Cell Wall-Related Genes Involved in Supporting Tissue Formation and Transcriptional Regulation in Arabidopsis thaliana
Nishitani, Kazuhiko, et al. (2009). "Cell Wall-Related Genes Involved in Supporting Tissue Formation and Transcriptional Regulation in Arabidopsis thaliana." Biological Sciences in Space 23 3: 121-129
The characteristic growth pattern of vascular plants largely depends on the intrinsic properties of their cell walls, which are flexible, but strong enough to support the plant body. The plant body is composed of various tissues each with a specific cell wall type. Different sets of enzymes are required for the construction of these individual cell wall types. The cell wall type-specific enzyme-set hypothesis has been described to explain the mechanisms underlying cell wall construction. This hypothesis suggests that specific sets of transcription factors are required for the construction of each of the cell-wall types. Recent reverse genetic studies investigating secondary wall formation in Arabidopsis thaliana have demonstrated the existence of a hierarchical transcriptional network that governs the regulation of secondary wall formation in cell wall types. The examination of the effects of mechanical stimuli on the expression of genes encoding a particular set of cell wall-related enzymes and transcriptional factors has shown that A. thaliana is able to perceive subtle changes in self-weight of the aerial portions, and use this information as a signal to regulate formation of cell walls in the supporting tissues. However, the mechanisms by which mechanical signals are perceived via sensors presumably located at the cell surface remain unknown. In addition, the pathways through which the signal is transmitted and integrated into the transcriptional network that governs the coordinated actions of cell wall-related genes are also yet to be described. Current reverse genetic approaches based on comprehensive expression analysis of cell wall-related genes may aid in the elucidation of the regulatory mechanisms underlying supporting tissue formation via mechanical signals. Such information may contribute not only to a further understanding of the molecular basis underlying evolution of the plant vascular system, but may also provide us with the knowledge required for the future development and utilization of plant cell walls as a sustainable resource.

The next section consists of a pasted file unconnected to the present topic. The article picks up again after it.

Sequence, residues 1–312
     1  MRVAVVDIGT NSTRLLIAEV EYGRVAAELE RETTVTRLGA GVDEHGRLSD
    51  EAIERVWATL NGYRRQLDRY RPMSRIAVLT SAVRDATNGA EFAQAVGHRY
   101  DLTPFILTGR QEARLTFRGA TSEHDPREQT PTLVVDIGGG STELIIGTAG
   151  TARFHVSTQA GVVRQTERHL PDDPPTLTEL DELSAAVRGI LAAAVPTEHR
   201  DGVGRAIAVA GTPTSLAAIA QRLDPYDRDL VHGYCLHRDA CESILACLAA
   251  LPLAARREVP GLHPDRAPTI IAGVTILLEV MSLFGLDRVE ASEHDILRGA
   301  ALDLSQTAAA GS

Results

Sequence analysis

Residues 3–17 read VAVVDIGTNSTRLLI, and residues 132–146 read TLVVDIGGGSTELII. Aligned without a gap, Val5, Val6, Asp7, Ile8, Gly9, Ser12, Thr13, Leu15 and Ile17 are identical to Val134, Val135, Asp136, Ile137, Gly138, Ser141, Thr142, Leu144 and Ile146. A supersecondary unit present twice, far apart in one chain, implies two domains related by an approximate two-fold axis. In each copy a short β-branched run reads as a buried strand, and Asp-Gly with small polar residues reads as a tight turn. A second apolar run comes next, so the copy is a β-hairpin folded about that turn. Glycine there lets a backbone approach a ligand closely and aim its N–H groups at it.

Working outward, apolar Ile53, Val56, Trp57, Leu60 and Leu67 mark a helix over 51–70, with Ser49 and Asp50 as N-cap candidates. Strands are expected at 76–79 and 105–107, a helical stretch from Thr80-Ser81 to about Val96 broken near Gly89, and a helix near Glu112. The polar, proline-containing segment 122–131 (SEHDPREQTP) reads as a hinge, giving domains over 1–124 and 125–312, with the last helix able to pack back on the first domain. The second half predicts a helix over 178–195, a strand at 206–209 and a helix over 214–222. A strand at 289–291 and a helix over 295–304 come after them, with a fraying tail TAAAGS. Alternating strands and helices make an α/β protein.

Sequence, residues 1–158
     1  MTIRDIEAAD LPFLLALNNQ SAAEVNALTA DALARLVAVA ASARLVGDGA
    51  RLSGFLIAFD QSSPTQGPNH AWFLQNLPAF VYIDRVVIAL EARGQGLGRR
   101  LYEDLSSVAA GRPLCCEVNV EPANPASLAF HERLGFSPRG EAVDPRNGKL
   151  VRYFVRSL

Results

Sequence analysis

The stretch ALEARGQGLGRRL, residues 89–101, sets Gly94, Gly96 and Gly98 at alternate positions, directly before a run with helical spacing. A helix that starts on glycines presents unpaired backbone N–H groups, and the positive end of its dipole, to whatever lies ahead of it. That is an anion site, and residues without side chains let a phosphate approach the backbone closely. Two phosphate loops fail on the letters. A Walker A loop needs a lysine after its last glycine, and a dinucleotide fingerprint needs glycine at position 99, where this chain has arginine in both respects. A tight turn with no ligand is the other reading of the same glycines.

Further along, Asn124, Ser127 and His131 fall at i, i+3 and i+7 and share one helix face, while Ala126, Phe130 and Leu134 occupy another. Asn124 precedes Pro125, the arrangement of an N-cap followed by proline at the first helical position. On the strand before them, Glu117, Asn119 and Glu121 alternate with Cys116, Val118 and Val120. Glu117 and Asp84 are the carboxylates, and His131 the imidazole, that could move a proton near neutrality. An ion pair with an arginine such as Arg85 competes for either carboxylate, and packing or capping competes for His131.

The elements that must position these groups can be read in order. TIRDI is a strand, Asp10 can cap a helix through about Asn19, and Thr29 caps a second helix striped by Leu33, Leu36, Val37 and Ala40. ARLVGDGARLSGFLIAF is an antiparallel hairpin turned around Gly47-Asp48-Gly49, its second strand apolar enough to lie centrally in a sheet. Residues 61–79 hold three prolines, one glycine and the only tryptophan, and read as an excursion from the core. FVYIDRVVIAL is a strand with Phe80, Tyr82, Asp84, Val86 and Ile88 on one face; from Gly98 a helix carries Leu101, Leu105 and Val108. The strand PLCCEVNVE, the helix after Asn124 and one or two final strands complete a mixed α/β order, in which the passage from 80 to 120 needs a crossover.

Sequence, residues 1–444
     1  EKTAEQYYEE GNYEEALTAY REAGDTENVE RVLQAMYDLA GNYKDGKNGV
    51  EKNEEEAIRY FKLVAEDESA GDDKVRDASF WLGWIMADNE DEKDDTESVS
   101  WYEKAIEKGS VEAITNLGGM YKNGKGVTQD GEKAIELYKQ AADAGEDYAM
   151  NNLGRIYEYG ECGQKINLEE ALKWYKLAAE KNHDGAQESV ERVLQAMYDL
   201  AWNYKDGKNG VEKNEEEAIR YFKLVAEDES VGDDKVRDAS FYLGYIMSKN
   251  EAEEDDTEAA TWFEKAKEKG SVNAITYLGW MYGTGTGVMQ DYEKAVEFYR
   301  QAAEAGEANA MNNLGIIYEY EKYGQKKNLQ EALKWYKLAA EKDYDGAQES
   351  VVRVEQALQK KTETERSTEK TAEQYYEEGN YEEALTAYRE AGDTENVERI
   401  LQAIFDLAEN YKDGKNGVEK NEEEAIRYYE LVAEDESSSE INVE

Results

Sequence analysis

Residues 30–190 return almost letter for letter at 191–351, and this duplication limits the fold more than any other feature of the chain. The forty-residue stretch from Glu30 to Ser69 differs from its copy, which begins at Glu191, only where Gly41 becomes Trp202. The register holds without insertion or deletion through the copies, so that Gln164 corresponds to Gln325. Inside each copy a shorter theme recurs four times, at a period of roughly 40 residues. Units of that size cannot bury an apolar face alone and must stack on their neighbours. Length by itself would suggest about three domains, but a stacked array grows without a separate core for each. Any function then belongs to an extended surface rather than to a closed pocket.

ISSN: 1349-967X 0914-9201